Oral Protest Against Solicitation Deficiencies

B-194902: Feb 12, 1980

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A firm protested the award by the Army Corps of Engineers of a contract for maintenance and dredging of a section of the Connecticut River. It was determined that the protest was timely since it met the requirements for an oral protest of solicitation specifications prior to bid opening and a written protest was filed within 10 days of adverse agency action. The protester alleged numerous deficiencies in the solicitation relating to the description of the work to be done. Essentially, the protester contended that the invitation for bids (IFB) did not describe which shoals in the river were to be dredged and did not describe which disposal areas were available for disposal of dredged material. Solicitations must be drafted in a manner that informs all offerors in clear and unambiguous terms what will be required of them under the contract so that contractors who are unfamiliar with the work required can compete on an equal basis with incumbent and former contractors. However, the fact that shoals in the river were subject to shift and rapid formation made it impossible to identify accurately the locations of various dredging and disposal sites before performance was scheduled to begin. The procurement under consideration was similar to a requirements-type contract and fulfilled the requirement for that type of solicitation in that it contained a reasonable, estimated total quantity of materials to be handled for the information of prospective bidders. The awardee may have enjoyed a competitive advantage by virtue of its incumbency on the project; however, the Government is not required to equalize competition on a particular procurement. While the contract was found appropriate in view of the unusual circumstances, GAO felt that the provision of specifications based on "worst case" estimates for part of the work involved may have led to unusually high offers from all bidders other than the awardee. Thus, GAO agreed with the protester that the solicitation did not contain the best available information in all areas and sustained the protest on this point. Since the contract had already been performed, the Secretary of the Army was notified of the findings under the instant protest so that the improprieties noted here would not be repeated. Thus, the protest was denied in part and sustained in part.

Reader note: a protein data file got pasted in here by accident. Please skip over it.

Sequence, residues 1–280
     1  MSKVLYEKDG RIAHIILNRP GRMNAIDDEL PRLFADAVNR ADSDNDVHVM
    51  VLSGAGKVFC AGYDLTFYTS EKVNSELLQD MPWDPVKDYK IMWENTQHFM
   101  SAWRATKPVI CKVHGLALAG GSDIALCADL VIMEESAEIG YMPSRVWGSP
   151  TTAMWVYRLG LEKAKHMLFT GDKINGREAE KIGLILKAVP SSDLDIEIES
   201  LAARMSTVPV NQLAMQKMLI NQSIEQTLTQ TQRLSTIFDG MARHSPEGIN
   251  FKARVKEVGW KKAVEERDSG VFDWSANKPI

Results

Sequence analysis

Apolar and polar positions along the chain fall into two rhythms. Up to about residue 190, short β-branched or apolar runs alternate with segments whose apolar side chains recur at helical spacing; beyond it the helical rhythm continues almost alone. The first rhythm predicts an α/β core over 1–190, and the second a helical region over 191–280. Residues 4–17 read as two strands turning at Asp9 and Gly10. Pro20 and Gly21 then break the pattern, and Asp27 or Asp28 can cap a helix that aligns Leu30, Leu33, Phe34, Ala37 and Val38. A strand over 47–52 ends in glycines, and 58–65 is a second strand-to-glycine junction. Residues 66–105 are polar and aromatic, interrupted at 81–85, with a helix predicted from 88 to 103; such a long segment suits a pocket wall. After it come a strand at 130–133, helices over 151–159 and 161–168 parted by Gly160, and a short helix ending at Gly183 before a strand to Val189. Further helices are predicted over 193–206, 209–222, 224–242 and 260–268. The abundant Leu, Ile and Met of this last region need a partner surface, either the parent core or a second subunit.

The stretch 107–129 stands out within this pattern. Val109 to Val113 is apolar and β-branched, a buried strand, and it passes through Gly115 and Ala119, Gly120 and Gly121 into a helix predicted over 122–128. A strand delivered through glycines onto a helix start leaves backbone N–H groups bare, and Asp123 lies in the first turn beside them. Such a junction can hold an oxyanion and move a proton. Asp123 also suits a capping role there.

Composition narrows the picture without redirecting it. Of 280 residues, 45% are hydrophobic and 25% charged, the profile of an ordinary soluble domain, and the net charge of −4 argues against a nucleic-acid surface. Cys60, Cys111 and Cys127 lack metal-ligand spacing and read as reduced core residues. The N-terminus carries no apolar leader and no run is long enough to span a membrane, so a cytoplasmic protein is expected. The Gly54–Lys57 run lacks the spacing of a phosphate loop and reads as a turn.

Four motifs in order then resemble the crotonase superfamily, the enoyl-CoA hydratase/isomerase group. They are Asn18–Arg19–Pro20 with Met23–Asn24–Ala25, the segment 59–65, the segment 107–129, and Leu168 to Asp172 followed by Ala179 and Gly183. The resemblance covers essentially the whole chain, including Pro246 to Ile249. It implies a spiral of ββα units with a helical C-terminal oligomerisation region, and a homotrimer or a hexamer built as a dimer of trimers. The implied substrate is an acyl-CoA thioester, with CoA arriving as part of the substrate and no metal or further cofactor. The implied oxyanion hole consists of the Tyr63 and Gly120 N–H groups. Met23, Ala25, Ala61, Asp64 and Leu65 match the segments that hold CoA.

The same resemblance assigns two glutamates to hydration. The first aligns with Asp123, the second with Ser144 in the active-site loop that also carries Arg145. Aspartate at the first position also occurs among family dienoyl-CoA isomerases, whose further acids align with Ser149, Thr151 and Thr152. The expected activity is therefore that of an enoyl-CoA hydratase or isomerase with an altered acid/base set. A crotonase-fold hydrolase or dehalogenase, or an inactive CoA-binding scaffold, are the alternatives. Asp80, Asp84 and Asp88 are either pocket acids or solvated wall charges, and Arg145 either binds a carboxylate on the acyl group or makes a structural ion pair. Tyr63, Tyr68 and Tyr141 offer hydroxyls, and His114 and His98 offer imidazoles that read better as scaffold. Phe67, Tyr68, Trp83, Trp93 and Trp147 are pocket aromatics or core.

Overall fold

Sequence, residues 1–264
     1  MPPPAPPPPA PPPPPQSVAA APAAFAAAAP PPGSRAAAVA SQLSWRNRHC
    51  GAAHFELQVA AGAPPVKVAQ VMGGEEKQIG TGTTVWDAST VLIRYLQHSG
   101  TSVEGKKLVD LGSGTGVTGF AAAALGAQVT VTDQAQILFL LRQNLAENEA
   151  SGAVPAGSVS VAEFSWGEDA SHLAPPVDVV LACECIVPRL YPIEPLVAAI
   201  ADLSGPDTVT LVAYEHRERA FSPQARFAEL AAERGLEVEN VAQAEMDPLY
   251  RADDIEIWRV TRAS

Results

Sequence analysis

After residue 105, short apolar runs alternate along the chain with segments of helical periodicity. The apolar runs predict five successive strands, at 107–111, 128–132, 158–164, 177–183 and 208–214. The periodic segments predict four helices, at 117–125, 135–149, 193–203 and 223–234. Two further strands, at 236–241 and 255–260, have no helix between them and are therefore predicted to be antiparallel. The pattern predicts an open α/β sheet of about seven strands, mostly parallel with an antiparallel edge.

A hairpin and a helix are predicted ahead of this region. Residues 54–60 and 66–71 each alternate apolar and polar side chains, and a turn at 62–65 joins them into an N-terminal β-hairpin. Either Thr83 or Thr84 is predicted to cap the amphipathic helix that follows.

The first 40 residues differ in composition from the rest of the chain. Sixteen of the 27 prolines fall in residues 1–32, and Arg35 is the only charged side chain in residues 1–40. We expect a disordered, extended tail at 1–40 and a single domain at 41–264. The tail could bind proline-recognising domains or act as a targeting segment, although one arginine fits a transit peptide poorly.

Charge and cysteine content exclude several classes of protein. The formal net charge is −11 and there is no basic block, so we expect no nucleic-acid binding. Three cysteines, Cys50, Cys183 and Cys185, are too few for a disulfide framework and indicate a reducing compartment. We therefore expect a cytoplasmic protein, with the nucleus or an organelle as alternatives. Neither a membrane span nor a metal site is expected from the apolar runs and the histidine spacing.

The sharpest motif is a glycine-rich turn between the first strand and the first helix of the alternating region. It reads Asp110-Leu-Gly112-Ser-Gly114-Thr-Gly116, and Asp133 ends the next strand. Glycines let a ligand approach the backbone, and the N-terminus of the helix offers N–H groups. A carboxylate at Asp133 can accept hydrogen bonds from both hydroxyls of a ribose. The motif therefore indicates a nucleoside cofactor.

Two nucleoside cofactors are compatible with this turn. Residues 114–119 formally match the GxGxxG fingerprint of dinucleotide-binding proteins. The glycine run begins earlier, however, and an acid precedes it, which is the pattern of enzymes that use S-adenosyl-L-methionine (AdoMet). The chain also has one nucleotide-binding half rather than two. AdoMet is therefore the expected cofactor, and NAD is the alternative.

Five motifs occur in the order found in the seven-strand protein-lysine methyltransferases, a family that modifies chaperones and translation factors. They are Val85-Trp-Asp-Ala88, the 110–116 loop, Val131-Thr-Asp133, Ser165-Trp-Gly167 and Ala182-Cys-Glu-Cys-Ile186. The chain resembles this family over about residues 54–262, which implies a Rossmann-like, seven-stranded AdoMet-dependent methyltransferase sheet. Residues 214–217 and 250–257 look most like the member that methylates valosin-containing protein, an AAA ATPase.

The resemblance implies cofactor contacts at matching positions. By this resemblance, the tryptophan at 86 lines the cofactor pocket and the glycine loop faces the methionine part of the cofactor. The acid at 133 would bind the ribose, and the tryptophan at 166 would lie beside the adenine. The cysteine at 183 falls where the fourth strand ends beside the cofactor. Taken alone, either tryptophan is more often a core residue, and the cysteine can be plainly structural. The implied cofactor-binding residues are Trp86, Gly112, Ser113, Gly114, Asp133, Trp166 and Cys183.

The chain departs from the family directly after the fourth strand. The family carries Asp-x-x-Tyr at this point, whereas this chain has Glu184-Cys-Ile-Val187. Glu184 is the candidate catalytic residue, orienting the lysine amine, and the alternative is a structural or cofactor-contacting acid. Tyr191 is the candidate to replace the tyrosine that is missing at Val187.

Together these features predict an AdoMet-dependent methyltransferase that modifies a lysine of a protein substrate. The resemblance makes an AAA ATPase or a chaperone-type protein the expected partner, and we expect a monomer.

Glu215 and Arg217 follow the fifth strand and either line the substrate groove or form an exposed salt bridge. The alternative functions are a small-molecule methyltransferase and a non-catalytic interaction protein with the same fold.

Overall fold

Mar 20, 2018

Mar 19, 2018

  • Ampcus, Inc.
    We deny the protest.
  • AMAR Health IT, LLC
    We dismiss the protest because our Office does not have jurisdiction to entertain protests of task orders issued under civilian agency multiple-award, indefinite-delivery, indefinite-quantity (IDIQ) contracts that are valued at less than $10 million.
  • Centurum, Inc.--Costs
    We grant the request.

Mar 15, 2018

  • ORBIS Sibro, Inc.
    We sustain the protest in part and deny it in part.

Mar 14, 2018

Mar 13, 2018

  • Interoperability Clearinghouse
    We dismiss the protest because the protester, a not-for-profit entity, is not an interested party to challenge this sole-source award to an Alaska Native Corporation under the Small Business Administration's (SBA) 8(a) program.
  • Yang Enterprises, Inc.
    We dismiss the protest.

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